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Every year, players either surpass, meet or fall short of expectations, both on the football field and in the fantasy realm. For fantasy purposes, drafting the players who meet or exceed expectations is absolutely crucial. Once you hit the middle rounds, you’re looking to build depth and maybe add a prospective starter or two. These rounds are littered with both young, unproven guys and guys looking to prove they can still contribute. In order to be successful, you have to separate the ones who will prove themselves against the ones who either aren’t quite ready to be fantasy contributors or who are too far removed from their best days to be in your lineup. In order to make sure you do this, we’ll be rolling out one overrated player, one underrated player and one safe bet for every ten picks, based on our player rankings. This is part five of the series as we tackle players ranked in the 81-100 range.
NOTE: Rankings as of 8/10
Overrated: Ben Roethlisberger (No. 81 overall, No. 10 quarterback)
Roethlisberger has enjoyed a long and successful career. He’s twice a Super Bowl champ and five times a Pro Bowler. But heading into his 14th year, he’s only been a top 10 fantasy quarterback four times in Yahoo scoring, with the last time coming in 2014. This isn’t a slight at Big Ben as a football player, but as a fantasy player it’s worth skipping him here. His 11.6 yards per completion last year was the third-worst mark of his career. Now of course it’s worth mentioning the return of Martavis Bryant as a reason for this high ranking. But the numbers will tell a different story. In 2015, when Bryant was available all season, Roethlisberger still only finished 21st in points and 16th in points per game among quarterbacks. Roethlisberger has also missed six games over the past two years. Unless you grabbed one earlier, your starting QB should still be in the offing by the time Roethlisberger is drafted.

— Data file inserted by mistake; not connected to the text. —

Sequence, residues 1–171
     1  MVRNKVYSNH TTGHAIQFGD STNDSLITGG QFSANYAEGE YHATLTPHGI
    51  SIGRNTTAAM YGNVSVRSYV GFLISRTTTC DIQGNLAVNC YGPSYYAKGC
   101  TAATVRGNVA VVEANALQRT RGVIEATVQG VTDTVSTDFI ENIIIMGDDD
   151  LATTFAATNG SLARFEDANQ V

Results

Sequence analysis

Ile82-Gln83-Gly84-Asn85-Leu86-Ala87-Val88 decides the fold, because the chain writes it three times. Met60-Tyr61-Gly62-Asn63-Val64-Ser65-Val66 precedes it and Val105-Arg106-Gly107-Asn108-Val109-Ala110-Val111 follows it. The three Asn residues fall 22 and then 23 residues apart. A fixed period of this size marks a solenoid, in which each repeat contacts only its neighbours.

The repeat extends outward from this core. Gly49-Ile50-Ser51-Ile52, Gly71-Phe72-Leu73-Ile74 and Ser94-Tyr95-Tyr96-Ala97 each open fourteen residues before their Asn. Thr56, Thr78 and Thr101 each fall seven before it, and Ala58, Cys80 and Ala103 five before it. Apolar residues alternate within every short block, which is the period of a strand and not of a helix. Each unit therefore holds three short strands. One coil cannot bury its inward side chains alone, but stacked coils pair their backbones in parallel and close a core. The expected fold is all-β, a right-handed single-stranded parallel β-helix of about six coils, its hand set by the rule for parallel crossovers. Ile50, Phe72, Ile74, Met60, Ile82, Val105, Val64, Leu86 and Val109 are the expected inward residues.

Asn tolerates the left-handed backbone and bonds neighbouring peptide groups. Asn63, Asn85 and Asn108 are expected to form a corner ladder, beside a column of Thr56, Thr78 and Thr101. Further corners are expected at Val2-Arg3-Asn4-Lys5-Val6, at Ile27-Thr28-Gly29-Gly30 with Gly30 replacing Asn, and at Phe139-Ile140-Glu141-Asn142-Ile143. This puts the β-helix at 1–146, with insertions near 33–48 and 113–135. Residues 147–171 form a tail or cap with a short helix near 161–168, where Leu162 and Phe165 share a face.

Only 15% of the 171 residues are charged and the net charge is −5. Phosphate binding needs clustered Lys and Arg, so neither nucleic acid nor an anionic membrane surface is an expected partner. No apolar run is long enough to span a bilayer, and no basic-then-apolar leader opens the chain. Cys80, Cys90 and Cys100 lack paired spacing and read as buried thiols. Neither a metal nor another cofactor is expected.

Underrated: Kelvin Benjamin (No. 84 overall, No. 36 wide receiver)
In just three seasons, Benjamin has already experienced a career’s worth of ups and downs. He had a huge rookie year, tore his ACL in his second-year training camp and then came back not quite back in form but still managed to piece together a solid season. So entering his fourth professional year but just third professional season, what Benjamin really is remains to be determined. But he certainly deserves to be higher than this. As a rookie, he finished 19th among wide receivers in points per game, and then he finished 24th last year, even in a down year for his quarterback, Cam Newton. The biggest thing to like about Benjamin is his ability to get downfield. He ranked 15th in air yards last year and 10th as a rookie, which is impressive for a 6-foot-5 receiver. Expect a bounce-back year for Newton and, in turn, a good year for Benjamin, who reported to camp in excellent shape.
Safest bet: Pierre Garcon (No. 87 overall, No. 37 wide receiver)